What are Real Estate Investment Trusts (REITs) and how do they fit into your investment portfolio? With all the buzz on the landmark KL Pavillion REIT unveiled just end of last year, we chart the growth of REITs in Malaysia and unfold the story with the help of Jennifer Chang, Senior Executive Director of PwC Malaysia.
In 1989, the Amanah Harta Tanah PNB (AHT) debuted on Bursa Malaysia as the first listed property trust in Malaysia with the Amanah Harta Tanah PNB 2 (AHT2) and Arab Malaysian First Property Trust (AMFPT) after it. Malaysia is among the first in Asia to develop listed property trusts that encouraged small-time investments in the local property sector. Subsequently, the Government announced more incentives and provisions in the annual Budget to boost this sector. These set the scene for what is known today as Real Estate Investment Trust funds or REITs with the first REIT on Bursa Malaysia being the Axis REIT in 2004.
December 2011 saw the 14th and only premium REIT in Malaysia, the Pavilion REIT, listed on Bursa Malaysia, with the iconic Pavilion KL injected as its most valuable asset.
Though structurally similar to unit trusts, REITs are normally traded through stock exchanges. It provides returns to investors through capital appreciation from price changes and annual distributions from investment income such as rental. As a REIT holds rental properties, its main income is from rental - usually malls, offices, hotels or industrial buildings. Rental is a fairly consistent source of income, so if a REIT pays out at least 90% of its taxable profit as distributions to investors, the income stream should be fairly consistent, making REITs very attractive income-generating assets.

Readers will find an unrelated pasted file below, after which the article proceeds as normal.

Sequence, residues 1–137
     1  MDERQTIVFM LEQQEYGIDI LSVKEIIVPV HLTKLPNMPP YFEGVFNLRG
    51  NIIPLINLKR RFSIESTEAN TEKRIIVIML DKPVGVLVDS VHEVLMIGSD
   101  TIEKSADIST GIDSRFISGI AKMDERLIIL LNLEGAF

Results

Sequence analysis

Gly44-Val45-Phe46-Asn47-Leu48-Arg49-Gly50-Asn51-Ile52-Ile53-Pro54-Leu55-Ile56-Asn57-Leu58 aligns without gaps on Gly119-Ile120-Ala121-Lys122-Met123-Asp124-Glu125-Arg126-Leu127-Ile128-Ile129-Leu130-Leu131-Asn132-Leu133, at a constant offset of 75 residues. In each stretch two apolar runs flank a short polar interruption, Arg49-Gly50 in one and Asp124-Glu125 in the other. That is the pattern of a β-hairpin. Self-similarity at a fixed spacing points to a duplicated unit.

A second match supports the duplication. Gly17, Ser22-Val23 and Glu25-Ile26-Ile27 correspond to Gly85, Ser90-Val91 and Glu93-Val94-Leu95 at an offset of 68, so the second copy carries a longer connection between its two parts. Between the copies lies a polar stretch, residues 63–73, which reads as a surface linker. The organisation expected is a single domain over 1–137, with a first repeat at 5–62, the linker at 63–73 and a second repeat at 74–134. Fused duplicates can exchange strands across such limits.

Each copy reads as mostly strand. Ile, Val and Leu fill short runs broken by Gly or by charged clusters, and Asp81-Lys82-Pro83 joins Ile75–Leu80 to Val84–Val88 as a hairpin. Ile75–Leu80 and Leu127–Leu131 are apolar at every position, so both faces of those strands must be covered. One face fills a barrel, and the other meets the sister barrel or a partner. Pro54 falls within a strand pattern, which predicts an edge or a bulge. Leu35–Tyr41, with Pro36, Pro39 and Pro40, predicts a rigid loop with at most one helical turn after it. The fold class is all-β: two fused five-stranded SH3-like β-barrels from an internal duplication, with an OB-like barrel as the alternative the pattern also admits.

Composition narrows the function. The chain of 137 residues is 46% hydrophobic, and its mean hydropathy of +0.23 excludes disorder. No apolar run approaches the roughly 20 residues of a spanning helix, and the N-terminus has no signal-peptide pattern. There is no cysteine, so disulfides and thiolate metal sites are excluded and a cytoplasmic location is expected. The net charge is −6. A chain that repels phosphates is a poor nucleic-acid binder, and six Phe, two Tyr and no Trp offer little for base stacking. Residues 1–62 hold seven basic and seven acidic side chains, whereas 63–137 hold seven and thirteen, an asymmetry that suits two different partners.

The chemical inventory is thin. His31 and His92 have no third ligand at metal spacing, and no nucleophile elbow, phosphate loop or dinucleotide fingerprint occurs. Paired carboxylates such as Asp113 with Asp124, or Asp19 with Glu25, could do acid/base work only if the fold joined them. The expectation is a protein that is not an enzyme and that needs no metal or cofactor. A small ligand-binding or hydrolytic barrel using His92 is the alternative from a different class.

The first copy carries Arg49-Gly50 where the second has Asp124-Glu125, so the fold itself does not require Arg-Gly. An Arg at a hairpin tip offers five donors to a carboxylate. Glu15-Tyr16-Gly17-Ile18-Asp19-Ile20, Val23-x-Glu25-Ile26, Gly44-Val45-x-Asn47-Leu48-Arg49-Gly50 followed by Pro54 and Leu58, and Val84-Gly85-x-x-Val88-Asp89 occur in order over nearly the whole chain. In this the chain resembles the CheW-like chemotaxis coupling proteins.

Favourable Tax Treatments
The Government has been progressively introducing tax incentives to promote the capital market, including REITs, which is reflected in the fact that most income earned by unit trusts and REITs are exempted from income tax. For example, interest on bonds, fixed deposits with licensed banks, gains on sale of investments and foreign sources of income are not taxed when received by unit trusts and REITs. Besides that, tax on moving of properties is also specifically exempted.
When a Malaysian REIT acquires properties, it also does not have to pay stamp duty, normally fixed at a maximum of 3% of the property purchase price. Likewise, sellers of such properties do not have to pay real property gains tax (RPGT).The RPGT levy is usually 10% on gains from the disposal of the property sold within two years of purchase and 5% if sold within two to five years. This represents huge savings to the REIT as well as to the seller of the properties.
In fact, Malaysia was the first country to provide zero tax moving costs to REITs and property sellers, with our southern neighbour, Singapore, following suit to promote their REIT market. Although some REITs may not state a distribution policy of at least 90% of its current year income, the tax structure may actually encourage REIT managers to do so.
Similar to other countries with a thriving REIT market, the Malaysian tax system has provided for tax transparency to Malaysian REITs. What this means is that as long as a Malaysian REIT distributes at least 90% of its current year taxable income, the REIT will be treated as tax transparent and would not be levied a 25% income tax. This will allow a REIT to declare and distribute income to investors on a gross basis.